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Novice teaching mistakes (Part 2)

Posted on: October 19, 2016

In Part 1 of my reflection of teaching mistakes by novice future faculty (FF), I focused on implementation mistakes that might recur.

Today I focus on planning mistakes.

Confusing teaching objectives with learning outcomes. Objectives are what instructors focus on; that is what they plan on doing during a lesson. Outcomes focus on the learners; these are what students need to be able to attempt and achieve after an experience.

I find that many FF still think that their stating or demonstrating something is the same as their students learning it. If only teaching and learning was that easy a matter of transference!

If we focus on learners and learning, we seek evidence of change and only students can provide it because we are not mind-readers. Educators can create numerous opportunities (see the orange and green bands in Bloom’s revised taxonomy below).

Bloom's Revised Taxonomy

[Larger version, CC-BY-NC-SA] [My notes on BT revised]

Bloom’s taxonomy (BT) is taken as a prescriptive framework instead of a descriptive one. The conventional representation of BT (revised version) is a triangle with a broad base of remembering and an apex of creating. FF, and indeed many teachers, assume that they must always proceed from simple to complex.

Some experts take the deductive approach. Having previously struggled with a learning journey, an expert might wish to simplify the journey for someone else. The deductive method might mean sharing general principles and then illustrating with examples (generic to specific).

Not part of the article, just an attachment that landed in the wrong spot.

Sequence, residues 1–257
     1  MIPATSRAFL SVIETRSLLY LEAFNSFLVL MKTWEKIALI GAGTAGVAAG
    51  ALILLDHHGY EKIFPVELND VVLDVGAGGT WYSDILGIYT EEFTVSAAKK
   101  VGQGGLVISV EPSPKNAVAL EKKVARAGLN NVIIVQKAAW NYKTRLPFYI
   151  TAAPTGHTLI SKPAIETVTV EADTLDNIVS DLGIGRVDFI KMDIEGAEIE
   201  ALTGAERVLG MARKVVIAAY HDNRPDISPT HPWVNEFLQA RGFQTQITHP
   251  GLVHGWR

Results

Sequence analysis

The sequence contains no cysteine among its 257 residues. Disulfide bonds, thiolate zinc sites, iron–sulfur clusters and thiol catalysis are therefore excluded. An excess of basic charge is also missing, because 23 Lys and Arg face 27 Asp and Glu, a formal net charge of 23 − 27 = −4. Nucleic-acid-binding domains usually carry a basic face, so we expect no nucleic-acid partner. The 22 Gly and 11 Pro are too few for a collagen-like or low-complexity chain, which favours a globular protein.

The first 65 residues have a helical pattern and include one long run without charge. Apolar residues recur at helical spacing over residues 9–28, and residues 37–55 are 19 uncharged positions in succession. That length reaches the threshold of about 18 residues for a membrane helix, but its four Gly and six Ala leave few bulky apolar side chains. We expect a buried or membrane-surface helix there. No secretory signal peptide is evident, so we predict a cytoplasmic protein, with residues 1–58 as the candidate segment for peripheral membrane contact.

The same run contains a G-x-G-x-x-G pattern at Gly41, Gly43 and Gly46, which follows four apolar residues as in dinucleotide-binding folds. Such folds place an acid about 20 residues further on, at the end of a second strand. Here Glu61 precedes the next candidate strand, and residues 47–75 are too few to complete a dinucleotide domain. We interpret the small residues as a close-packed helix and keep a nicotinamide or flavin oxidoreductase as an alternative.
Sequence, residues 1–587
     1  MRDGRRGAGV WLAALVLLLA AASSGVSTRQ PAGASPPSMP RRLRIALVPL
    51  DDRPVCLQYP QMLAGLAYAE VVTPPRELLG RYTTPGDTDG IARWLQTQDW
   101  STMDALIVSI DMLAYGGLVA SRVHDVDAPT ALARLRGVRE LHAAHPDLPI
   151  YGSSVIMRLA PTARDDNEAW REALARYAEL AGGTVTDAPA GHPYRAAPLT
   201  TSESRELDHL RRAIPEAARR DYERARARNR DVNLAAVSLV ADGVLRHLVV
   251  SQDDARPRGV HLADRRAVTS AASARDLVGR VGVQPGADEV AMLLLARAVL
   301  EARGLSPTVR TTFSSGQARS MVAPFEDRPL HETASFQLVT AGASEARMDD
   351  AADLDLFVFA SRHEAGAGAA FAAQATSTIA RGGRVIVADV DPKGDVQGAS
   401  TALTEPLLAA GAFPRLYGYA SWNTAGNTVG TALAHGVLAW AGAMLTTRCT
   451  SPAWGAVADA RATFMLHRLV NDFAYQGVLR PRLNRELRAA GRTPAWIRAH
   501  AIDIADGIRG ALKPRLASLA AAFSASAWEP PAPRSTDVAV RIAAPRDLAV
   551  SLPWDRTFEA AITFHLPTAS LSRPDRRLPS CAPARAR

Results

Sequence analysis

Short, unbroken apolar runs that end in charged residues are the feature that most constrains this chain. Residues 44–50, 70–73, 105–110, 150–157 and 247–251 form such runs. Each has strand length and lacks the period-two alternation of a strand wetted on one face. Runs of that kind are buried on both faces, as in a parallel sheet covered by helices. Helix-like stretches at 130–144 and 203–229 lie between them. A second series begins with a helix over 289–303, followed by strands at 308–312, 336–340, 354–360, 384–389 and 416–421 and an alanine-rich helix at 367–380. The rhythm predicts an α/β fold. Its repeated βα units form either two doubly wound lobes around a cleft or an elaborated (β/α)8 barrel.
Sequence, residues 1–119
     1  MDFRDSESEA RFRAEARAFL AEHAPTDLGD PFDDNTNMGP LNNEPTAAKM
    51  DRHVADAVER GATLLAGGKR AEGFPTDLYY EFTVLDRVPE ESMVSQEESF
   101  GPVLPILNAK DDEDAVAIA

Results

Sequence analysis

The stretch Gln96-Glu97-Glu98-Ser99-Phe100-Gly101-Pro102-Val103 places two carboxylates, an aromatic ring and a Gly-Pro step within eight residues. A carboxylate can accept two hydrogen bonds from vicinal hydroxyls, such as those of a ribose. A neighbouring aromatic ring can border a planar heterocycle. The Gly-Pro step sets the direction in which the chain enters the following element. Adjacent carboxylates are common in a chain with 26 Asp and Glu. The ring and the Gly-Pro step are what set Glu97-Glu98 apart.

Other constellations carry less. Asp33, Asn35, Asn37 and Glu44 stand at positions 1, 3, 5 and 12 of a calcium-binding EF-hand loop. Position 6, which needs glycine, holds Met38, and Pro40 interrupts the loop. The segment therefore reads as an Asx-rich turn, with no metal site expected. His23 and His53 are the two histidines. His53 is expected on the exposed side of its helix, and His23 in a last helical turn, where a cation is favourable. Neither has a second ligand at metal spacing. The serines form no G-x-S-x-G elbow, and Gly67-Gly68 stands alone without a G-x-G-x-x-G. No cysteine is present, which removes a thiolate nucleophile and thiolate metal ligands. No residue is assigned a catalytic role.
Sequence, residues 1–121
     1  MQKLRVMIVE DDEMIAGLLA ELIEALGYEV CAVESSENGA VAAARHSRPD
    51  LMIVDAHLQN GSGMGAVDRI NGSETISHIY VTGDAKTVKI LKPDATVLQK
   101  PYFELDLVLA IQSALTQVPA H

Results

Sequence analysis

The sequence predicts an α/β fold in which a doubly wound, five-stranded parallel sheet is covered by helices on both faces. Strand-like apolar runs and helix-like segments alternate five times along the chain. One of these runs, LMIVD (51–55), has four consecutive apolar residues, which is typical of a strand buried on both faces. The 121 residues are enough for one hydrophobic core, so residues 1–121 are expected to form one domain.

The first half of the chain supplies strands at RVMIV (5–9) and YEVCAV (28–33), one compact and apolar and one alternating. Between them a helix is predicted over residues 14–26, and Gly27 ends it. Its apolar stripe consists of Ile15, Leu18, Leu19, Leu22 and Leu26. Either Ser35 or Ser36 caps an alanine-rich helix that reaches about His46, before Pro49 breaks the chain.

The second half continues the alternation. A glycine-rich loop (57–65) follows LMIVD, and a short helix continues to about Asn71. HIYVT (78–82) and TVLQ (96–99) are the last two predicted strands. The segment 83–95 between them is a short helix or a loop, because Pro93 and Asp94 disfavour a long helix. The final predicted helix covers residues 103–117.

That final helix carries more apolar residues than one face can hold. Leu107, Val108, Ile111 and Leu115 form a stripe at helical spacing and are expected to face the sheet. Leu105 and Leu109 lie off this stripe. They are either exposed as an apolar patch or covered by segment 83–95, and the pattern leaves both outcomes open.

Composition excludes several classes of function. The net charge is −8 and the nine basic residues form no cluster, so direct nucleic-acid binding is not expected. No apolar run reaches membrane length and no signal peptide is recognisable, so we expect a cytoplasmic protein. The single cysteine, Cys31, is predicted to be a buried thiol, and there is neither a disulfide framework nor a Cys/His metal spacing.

This is the approach that most textbooks use because authors and publishers try to inform in the absence of an instructor. However, instructors who rely on the textbook might adopt the same deductive strategy.

There are problems with this approach. It does not reflect authentic learning nor does it embrace complexities and subjectivities in the wider world. Problems that require the application of theories are rarely of a textbook nature.

This approach also focuses on learning-about over learning-to-be. The instructor gained expertise and is passionate about the academic subject perhaps because of the struggle while learning. Simplifying and reducing takes this experience away from new learners.

One reason why employers might lament that graduates are not prepared for “the real world” is because students are taught to operate in a textbook, deductive-only, and inauthentic bubble.

Today I have reflected on just two of several novice instructor mistakes in planning for teaching. Tomorrow, I highlight a few mindsets that hold back more effective and innovative teaching.

2 Responses to "Novice teaching mistakes (Part 2)"

Matthew Stott: Novice teaching mistakes (Part 2)… via


[…] A good example of this internalisation is how teachers mistake the descriptive model of Bloom’s Taxonomy as a prescriptive one. […]


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